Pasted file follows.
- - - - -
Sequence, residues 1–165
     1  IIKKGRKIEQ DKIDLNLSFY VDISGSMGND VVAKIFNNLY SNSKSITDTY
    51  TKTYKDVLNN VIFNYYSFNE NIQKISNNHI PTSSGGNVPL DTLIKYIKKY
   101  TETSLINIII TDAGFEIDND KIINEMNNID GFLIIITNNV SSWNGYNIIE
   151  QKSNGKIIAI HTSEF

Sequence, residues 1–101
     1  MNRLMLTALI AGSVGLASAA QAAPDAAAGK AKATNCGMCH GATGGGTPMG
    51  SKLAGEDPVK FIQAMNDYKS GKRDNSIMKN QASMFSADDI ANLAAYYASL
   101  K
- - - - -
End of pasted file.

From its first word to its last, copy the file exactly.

Sequence, residues 1–165
     1  IIKKGRKIEQ DKIDLNLSFY VDISGSMGND VVAKIFNNLY SNSKSITDTY
    51  TKTYKDVLNN VIFNYYSFNE NIQKISNNHI PTSSGGNVPL DTLIKYIKKY
   101  TETSLINIII TDAGFEIDND KIINEMNNID GFLIIITNNV SSWNGYNIIE
   151  QKSNGKIIAI HTSEF

Sequence, residues 1–101
     1  MNRLMLTALI AGSVGLASAA QAAPDAAAGK AKATNCGMCH GATGGGTPMG
    51  SKLAGEDPVK FIQAMNDYKS GKRDNSIMKN QASMFSADDI ANLAAYYASL
   101  K